Boston doesn’t get enough props for its Latin American cuisine. You hear those folks from Cali bitchin’ about the lack of Mexican. Ok, fair enough, but for the love of God, Inti, Apocatequil, and all that is Holy, Boston’s got some serious great food all points south of the Panama Canal. El Chalan, in Day Square on the far side of Eastie is my favorite chicken in town. Roast with a hint of hot spice and you’ll want to order some fried plantains with garlic sauce to go with while you watch some futbol or garish soaps. Here’s one thing to know about El Chalan: the service, while friendly, is completely incompetent. I have never received exactly what I thought I ordered. Perhaps it’s because of the Argentinean Spanish we speak, but I guess I consider it part of the thrill. You can laugh it off as you plan your next trip back.



Thursday, April 5, 2007

Posted By:  Todd Strauss
Photo:  Todd Strauss

Santarpio's Pizza
You've seen the sign when on your way to and from the airport, but how many NFT readers have actually experienced Santarpio’s? They are best known for their pizza. (Sorry, they only sell their pizzas by the pie, not the slice.) Unlike most pizzerias, their ingredients go under the cheese, and the crust is custom ordered. I prefer my pizza crust crispy so I always order it well done. My favorite topping is their homemade sausage. However, if you only order a pizza, you are missing out on half of the experience. When you walk in, you will notice a giant charcoal grill located at the end of the bar. You will see skewers of grilled sausage and lamb cooking on the open flame. If you are checking this place out for the first time, make sure to bring at least one friend so that can also order one of their grilled combo plates, which consists of several pieces of lamb and a homemade sausage, which are even more delicious when eaten with the hot peppers and bread that come with every order.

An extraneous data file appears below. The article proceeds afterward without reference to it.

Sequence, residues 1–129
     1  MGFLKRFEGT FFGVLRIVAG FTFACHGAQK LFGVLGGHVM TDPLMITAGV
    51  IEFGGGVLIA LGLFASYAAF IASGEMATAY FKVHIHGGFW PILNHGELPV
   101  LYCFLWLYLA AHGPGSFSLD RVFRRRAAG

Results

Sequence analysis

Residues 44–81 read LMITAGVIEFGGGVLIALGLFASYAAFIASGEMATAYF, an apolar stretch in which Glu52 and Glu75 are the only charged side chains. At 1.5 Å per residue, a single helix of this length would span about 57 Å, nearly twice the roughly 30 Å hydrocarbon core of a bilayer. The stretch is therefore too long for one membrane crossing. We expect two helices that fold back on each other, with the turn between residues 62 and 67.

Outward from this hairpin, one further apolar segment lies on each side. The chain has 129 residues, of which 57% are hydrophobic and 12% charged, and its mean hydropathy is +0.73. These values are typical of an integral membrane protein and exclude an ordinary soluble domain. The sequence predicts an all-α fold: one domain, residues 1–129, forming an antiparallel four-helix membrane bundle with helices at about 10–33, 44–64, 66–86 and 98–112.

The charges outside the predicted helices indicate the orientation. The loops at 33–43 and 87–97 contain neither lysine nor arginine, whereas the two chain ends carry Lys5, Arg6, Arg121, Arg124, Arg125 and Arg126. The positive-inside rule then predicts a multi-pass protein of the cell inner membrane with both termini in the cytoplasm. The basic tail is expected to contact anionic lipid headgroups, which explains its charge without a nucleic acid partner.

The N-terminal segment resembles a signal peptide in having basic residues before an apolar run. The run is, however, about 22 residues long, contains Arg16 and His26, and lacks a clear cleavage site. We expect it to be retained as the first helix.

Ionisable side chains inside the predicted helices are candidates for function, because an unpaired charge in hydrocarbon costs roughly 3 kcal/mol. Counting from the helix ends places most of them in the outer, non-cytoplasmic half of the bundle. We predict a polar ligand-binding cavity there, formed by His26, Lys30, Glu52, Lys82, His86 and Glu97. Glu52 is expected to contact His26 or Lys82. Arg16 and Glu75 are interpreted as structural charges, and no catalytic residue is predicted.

Friday, January 26, 2007

Posted By:  Katherine Hayes
Photo:  Katherine Hayes

Santarpio's Pizza
I’m sitting at the bar at Santarpio’s Pizza. On one side of me, two guys who keep dropping f-bombs are complaining about “people from the North Shore talking about the place where there are only two things on the menu.” On the other side, another man, upon finding out that it’s my first time there, raises his eyebrows and says, “Did you just fly in?” Apparently, I am a negligent Bostonian for not experiencing Santarpio’s, an East Boston institution, sooner. The “two things” on the menu besides pizza are sausage and lamb, so don’t go there if you want salad or dessert. You also need to arrive before the lunch and dinner rushes, or you’ll be waiting for a table outside the door. But once you’re inside Santarpio’s, where the wait staff is constantly yelling over each other and most of the customers seem to be regulars, you’ll find that the pizza, voted “Best of Boston” no less than five times, is worth the hype. It has a crispy crust and the perfect amount of cheese—just don’t expect to get it by the slice. Next time I’ll try the lamb, which the guy next to me was raving about.



Thursday, November 9, 2006

Posted By:  Knox Gardner
Photo:  Knox Gardner

Betty Ann Food Shop
I’m a donut gourmand. I’ve got Dunkin Donuts menu memorized, and that’s only my emergency backup plan. I’ve also gained 40 pounds since living in Boston as cred. When I’d heard that there was a donut shop near Wood Island that also happened to make Boston's best beans, it became a weekly obsession. I couldn't recall the name or any other specifics, so I devised a plan of walking in the most obvious direction from the station and doubling around, block by block if necessary. North is the most obvious direction and it will take you up Bennington directly to Betty Ann's Bakery Food Stop. It's a huge old-fashioned bakery. These are real donuts: they're a decent cake with crumb, and though a bit bland and with a heavily fried crust, are obviously made by someone actually mixing flour instead of opening an industrial package of pre-mix. The beans were in the back and we got a pint for dinner. They’re easily the best pork n' beans I've ever eaten. Sweet, a bit tangy, not too much sauce, and tender. They’re only available on Saturdays, before 11 am, 4 or 5 blocks north of the Wood Island stop.